More Desert Red: Arizona Stronghold Mangus 2009

az“They make wine in Arizona?” Good wine?”

This is what I expect to hear when I bring up Arizona Stronghold, Page Spring Cellars, or for that matter any other Southwest winery. After all, the hot, dry desert climate is known for producing cactus, not vineyards. But there’s this little thing called “micro-climate” that I’ve talked about before, and that makes it possible to produce decent wine in Arizona, New Mexico, Colorado, or Texas.

Here’s how it works. A region’s topography (hills, valleys, mountain barriers), altitude (the higher, the cooler), proximity to water (an ocean, large lake or bay), and even latitude (distance from the Equator) can combine to create conditions that are conducive to grape-growing. In southeastern Arizona’s Cochise County, 4300 feet of elevation and a large diurnal temperature shift (read, “big difference between daytime and nighttime temperatures) make it possible to grow grapes such as Grenache, Mourvedre, Sangiovese, Tempranillo and Viognier.  Cochise County is also known as the last stronghold of the Apache nation — hence the winery’s name.

AZ Stronghold is a collaboration between two seemingly strange bedfellows. Eric Glomski is a very respected winemaker, most recently from David Bruce Winery in Santa Cruz, California. He hooked up with Maynard James Keenan, known to hard rock fans as the singer for the band Tool. Huh? Yes, Keenan is very committed to growing great grapes and making great wine, and it doesn’t hurt that he brings a showbiz flair to the enterprise. He’s produced a film called “Blood Into Wine” that’s been touring the country. Keenan also brings out a whole new crowd when he shows up at tastings and signings. That’s good! We can use some drama and theater in the wine business.

So let’s get to the wine. I recently tasted Arizona Stronghold Mangus 2009: actually, I drank it with a pulled pork sandwich while staring at the Super Bowl (or the Super Bowl commercials). Mangus is the second blend they’ve released, following a Rhone blend called Nachise. (In case you’ve noticed a pattern here, the wines are all named for Apache warriors.) Mangus is the winery’s Super Tuscan blend, and includes 64% Sangiovese, 20% Cabernet Sauvignon and 16% Merlot. The Italian Sangiovese certainly leads the way in this wine. The nose hit me with bright cherry fruit and some cinnamon spice. The palate packs more bright fruit and tangy acid, combining New World softness with Old World bite. Cherry, strawberry and rhubarb all show up on the palate, but with medium body that never gets jammy or over-rich, Mangus is a great food wine. Ir was also a great wine for the occassion — all that pounding and hitting called for a wine with some punch.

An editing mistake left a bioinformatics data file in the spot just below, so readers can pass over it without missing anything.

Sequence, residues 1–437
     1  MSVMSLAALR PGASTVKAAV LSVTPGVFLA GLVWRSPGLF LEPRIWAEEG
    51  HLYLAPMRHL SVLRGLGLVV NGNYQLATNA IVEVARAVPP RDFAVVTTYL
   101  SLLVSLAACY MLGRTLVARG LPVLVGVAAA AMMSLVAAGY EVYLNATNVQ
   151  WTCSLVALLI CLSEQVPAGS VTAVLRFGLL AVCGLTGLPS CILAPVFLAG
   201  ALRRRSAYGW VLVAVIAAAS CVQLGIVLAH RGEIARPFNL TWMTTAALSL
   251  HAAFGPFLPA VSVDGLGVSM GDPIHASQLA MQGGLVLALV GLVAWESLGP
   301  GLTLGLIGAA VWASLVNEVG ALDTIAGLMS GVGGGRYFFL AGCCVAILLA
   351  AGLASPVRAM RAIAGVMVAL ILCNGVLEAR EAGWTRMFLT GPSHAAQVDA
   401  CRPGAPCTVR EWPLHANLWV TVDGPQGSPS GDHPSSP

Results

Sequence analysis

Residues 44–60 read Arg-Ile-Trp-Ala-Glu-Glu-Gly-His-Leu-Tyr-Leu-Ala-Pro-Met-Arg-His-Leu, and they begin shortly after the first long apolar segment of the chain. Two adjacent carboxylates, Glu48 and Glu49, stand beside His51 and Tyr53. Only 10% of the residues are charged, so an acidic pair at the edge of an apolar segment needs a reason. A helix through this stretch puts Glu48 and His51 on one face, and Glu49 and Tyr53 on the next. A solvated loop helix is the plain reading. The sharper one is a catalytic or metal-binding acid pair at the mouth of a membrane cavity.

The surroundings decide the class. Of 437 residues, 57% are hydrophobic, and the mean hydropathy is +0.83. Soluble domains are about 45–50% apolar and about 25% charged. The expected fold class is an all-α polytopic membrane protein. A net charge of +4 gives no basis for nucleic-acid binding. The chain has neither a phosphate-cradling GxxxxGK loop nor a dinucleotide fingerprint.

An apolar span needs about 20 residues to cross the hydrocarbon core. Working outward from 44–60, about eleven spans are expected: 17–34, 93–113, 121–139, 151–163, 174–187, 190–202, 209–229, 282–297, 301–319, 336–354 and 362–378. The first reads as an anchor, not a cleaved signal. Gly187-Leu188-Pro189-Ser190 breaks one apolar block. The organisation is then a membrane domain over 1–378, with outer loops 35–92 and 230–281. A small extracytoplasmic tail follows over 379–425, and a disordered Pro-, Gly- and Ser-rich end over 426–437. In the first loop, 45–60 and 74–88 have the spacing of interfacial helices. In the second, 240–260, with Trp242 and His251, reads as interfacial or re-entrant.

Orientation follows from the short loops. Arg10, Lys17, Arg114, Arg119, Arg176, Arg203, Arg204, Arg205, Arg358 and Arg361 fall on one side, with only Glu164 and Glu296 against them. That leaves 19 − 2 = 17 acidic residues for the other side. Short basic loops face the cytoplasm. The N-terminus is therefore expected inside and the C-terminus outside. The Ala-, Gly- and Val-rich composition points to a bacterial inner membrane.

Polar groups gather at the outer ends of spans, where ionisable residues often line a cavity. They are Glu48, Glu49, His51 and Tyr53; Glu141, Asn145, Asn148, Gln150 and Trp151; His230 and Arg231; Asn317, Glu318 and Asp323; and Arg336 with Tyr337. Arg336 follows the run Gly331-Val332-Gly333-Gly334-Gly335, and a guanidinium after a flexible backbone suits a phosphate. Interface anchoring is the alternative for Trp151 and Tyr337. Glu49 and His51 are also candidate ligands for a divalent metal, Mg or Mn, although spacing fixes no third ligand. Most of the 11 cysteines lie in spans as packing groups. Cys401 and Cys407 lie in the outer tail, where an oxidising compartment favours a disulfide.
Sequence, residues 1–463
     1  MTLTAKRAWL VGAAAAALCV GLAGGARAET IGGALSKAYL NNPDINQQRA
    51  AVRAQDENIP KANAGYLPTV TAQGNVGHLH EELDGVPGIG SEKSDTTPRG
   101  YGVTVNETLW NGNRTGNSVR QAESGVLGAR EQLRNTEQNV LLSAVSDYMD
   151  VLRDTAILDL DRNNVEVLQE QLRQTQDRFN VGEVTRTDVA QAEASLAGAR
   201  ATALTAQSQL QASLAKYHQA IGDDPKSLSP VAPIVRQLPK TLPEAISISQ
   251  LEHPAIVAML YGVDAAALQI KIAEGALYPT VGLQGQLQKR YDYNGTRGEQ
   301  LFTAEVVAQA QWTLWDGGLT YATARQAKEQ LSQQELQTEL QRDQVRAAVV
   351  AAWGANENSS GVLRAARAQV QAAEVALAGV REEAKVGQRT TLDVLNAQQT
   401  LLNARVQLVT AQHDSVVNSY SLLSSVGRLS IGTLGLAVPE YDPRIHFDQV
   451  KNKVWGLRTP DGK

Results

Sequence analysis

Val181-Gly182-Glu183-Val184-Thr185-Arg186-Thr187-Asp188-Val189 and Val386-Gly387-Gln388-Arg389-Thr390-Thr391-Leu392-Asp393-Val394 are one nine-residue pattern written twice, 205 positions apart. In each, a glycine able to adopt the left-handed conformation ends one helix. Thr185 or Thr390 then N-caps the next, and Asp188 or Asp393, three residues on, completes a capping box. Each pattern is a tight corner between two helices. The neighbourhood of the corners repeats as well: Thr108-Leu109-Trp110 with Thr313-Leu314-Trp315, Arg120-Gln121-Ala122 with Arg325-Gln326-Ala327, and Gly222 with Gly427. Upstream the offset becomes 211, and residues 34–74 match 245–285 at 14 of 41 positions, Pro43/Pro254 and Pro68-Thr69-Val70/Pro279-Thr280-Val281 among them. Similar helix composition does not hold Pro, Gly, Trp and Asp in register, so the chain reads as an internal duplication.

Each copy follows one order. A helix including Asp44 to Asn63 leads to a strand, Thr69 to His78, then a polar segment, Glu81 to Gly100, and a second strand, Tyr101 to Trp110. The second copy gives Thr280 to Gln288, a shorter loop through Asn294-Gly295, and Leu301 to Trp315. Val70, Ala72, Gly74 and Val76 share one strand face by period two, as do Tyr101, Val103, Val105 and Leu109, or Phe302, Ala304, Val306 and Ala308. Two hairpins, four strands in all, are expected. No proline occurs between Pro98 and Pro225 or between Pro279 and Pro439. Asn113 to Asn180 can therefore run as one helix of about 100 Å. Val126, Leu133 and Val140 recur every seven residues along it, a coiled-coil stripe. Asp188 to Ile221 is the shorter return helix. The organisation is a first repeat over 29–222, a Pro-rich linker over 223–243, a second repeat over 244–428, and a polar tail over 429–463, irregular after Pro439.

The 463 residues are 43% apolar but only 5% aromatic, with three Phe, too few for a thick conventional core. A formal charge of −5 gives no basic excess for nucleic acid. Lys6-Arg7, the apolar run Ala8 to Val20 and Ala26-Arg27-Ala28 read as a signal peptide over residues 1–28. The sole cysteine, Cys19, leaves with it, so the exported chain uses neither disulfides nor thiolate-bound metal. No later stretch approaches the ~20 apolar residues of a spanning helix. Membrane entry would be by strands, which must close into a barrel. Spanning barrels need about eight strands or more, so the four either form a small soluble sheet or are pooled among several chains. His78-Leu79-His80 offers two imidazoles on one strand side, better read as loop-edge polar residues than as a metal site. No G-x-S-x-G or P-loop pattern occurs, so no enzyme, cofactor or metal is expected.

I know that Arizona Stronghold is now available in other states, and they’re priced between $20 and $30. Don’t be afraid to give them a try — put them in a tasting with similar varietals and see how they hold up. I think you’ll be pleasantly surprised. Cheers!

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7 Responses to “More Desert Red: Arizona Stronghold Mangus 2009”

  • I need to say thank you a lot for your work you have made in writing this post. I am hoping the same effective job from you later on also.

  • This is Informative. Cheers.

  • Mark:

    I thought this wine was very good. Espacially since I picked it out for you! I couldn’t get over the aroma. The berry smell was amazing. I never had an Sangiovese wine before. I liked it and reminded me a little of South America Malbec.

    Glad I found your wine blog, I think that would be the perfect job if the food network sent us all over the world for wine reviews.

    I can’t wait to get together and plan our Sonoma Valley trip.

    Cheers,

    Mark

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